become intolerable just here?" he demanded, bit- 
terly. " Why do you endure me ? You and your 
father ought to hate me. I have done you noth- 
ing but harm. Why do you ever speak to me? I 
ought to be abominable to you ! " 

" I don't know," she answered vaguely. " Do 
you think it is " — 

He laughed harshly. " Inexplicable ! You don't 
forget anything ? " 

" No," she reluctantly admitted. " I don't for- 

" I can understand your father's position. He 
suffers me upon some theory of his. But you, — 
you are a woman, and women don't forgive very 
easily. Come, Miss Boynton," he cried, mixing his 
self-banter with his pain, " confess that I am some 
malignant enchanter, and that I have the power of 
casting an ugly spell over you, that deprives you of 
the wholesome satisfaction of telling me that I 'm 

" A spell," she began ; but her voice died weakly 
away, and she stood looking into his face with puz- 
zled entreaty. 

" If you would tell me once for all that I am 
the greatest ruffian in the world, with neither pity 
nor decency, it might break the charm, and then 
I could go away to-morrow morning. I 've been 
waiting for that. Will you try ? "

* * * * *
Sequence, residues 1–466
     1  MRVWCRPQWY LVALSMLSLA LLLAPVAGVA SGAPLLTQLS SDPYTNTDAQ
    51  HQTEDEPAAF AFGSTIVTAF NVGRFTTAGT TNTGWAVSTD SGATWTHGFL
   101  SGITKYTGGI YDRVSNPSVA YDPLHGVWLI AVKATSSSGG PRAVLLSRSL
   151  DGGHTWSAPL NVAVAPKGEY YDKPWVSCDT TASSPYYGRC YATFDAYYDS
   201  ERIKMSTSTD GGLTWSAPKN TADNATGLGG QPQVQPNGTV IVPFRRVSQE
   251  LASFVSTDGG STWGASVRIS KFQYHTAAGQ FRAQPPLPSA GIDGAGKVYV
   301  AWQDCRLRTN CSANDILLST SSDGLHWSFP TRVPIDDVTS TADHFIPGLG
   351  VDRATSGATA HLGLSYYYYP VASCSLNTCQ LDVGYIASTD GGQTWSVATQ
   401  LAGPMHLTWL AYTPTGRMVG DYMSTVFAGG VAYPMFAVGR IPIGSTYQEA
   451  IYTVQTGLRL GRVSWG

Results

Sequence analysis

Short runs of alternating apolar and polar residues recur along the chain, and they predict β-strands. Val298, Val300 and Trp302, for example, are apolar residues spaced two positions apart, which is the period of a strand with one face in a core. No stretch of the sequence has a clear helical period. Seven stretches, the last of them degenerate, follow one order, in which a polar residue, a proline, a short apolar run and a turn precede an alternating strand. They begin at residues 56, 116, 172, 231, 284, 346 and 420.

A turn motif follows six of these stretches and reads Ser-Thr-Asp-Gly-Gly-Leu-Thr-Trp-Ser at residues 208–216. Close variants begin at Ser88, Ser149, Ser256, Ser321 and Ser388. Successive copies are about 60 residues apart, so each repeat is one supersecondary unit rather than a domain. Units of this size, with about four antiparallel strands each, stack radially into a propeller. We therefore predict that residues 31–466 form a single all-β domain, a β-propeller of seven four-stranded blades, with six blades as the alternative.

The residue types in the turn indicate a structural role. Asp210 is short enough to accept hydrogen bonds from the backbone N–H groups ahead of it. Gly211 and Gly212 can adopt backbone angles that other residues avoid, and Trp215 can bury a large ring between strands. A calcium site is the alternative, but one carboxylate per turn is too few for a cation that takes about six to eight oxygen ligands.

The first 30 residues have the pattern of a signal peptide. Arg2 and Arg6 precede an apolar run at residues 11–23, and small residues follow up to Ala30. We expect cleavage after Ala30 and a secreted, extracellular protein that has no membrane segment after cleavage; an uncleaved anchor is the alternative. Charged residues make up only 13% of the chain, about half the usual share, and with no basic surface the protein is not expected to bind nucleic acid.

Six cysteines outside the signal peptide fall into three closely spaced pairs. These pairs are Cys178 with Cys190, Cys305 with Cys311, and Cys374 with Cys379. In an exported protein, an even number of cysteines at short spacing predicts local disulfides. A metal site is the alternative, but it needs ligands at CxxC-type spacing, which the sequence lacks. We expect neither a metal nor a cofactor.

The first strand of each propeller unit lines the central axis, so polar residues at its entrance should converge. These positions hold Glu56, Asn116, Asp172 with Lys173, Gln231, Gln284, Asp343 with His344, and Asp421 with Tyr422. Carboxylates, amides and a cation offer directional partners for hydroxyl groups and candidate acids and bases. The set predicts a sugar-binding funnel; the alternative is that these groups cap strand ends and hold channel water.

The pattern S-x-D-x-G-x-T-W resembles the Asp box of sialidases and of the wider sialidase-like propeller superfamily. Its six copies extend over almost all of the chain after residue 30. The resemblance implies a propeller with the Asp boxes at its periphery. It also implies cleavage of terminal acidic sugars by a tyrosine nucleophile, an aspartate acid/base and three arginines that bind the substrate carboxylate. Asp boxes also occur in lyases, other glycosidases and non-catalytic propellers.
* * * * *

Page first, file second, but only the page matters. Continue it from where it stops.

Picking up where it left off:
" I can't say that," she murmured. 

" But you believe it ? " 

"No" — 

" That 's part of the sorcery. You must have 
often tried to believe it." 

She was silent, and he felt that her silence was 
full of distress. She turned away with a sort of 
helplessness ; he followed her, trying to retrieve 
himself. But he could not find anything to say, 
and they scarcely spoke as they walked back 
through the village. At the gate of the office her 
parting with him was almost a flight. 


The next day Ford came, and found Egeria on 
the threshold, where she often met liim. At first 
glance he thought he read in her face something 
like an impulse to run from him ; but she quelled 
the impulse, if she had it, and greeted him with a 
resolute coldness, which he Avould not recognize. 
He had a broad yellow hickory leaf in one hand, 
and on this lay a little heap of blackberries ; they 
were long and narrow like mulberries, and they had 
hung on the canes, hoarding the last sweetness of 
the year. " Perhaps your father will like these," 
he said ; and he told her of the hollow beside the 
road in which he had found them. " They 've got 
all that was left of the summer in them," he added. 
"Will you have them?" 

" I don't believe they would be good for him," 
she began stiffly. 

Ford tossed them away. " How is the doctor 
to-day ? " he asked. 

" He 's better. Will you come in ? " 

" No, thank you. I am going to the post-office.